“Efficiency for the sake of efficiency, progress for the sake of progress, and advancement for the sake of advancement is a path to deification for these men. The stoic, the hedonist, and the anarchist have more in common than what separates them.”

– Toward the Gleam by T. M. Doran

The Outsider

I had a hard time choosing my third favorite book. Nothing really stood out in my mind. Yeah, I’ve read a lot of books, but nothing that catches my attention enough to put it on my list of top three favorites. So I chose something that caught my attention recently.

My boyfriend bought me a copy of The Outsider for my birthday. I haven’t read much in the horror genre and while I’m familiar with Stephen King, I don’t know much about his writing. All I can say is that my boyfriend knows me better than I know myself. While I was skeptical of the book at first, I started reading. And boy did he score a home run.

After I got to about the 50 or 100 page mark, it was downhill from there. I couldn’t stop reading it. I was taking every spare minute I could find to read further into it. I could barely put it down. I was getting sucked into it for hours at a time. I don’t remember the last time a book had done that to me.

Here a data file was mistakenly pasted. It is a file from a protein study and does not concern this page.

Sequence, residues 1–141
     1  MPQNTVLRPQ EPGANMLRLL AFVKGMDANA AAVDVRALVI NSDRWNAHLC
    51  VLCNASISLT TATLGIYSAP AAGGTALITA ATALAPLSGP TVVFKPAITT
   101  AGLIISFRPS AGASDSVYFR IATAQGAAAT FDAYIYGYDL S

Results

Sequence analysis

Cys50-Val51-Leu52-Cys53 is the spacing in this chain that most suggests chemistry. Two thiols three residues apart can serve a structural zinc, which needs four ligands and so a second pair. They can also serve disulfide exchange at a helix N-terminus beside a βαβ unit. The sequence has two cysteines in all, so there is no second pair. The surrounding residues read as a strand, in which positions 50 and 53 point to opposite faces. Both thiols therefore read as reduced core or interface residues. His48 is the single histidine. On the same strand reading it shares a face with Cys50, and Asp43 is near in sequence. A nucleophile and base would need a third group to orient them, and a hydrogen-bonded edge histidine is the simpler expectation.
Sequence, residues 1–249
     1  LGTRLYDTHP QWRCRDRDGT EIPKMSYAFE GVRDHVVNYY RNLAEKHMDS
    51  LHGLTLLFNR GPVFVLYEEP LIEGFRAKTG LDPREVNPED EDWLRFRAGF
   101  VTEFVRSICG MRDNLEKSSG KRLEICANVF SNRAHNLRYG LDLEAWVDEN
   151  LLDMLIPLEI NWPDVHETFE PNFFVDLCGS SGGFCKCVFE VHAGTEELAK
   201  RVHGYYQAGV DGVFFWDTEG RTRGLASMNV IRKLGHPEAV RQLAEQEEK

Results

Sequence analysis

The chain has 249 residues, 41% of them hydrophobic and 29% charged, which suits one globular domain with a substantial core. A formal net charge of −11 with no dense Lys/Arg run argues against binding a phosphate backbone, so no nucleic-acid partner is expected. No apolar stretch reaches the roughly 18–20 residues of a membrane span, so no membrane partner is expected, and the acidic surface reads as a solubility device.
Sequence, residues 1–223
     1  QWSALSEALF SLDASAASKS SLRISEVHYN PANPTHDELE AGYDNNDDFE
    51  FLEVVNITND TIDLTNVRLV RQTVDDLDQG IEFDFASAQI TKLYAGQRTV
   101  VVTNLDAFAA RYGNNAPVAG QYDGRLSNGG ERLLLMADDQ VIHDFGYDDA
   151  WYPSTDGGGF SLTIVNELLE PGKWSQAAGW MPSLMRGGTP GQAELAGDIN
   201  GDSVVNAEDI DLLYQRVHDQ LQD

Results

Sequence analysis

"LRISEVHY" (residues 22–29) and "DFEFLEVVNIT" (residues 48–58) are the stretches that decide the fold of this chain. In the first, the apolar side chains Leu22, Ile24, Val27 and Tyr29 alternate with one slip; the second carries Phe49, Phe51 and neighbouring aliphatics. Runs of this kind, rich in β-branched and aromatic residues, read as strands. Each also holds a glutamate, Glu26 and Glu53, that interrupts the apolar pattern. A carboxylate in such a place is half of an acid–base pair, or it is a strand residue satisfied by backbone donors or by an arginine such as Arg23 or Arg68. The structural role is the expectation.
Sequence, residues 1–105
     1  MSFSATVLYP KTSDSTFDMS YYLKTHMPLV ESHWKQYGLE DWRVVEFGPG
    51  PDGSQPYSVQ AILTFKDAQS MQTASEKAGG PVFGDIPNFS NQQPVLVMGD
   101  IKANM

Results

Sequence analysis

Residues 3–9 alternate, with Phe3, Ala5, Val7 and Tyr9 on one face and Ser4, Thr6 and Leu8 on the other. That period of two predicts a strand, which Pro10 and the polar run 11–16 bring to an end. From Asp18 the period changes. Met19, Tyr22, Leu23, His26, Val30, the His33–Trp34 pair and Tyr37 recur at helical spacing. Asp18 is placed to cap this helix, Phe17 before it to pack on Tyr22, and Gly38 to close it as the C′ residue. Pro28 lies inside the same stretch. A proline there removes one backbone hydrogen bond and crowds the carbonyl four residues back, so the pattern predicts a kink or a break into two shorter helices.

While I did have a few spots of criticism for his writing mechanics and word usage – if I remember correctly – Stephen King really did weave a masterful story.

The story starts off with a gruesome murder. King then proceeds to write in a sort of journalistic style about various police interviews with eyewitnesses. After the main character, Detective Ralph Anderson, makes his arrest, he proceeds to discover his main suspect had a rock solid alibi. A man can’t be in two places at once, right?

Turns out he can according to the evidence.

What starts out as a simple open and close murder turns into a massive chase for a man that shouldn’t exist; an outsider.

King weaves a brilliant plot with complex characters. Some of them you may dislike strongly, others you may be inexplicably drawn to. Like Holly Gibney.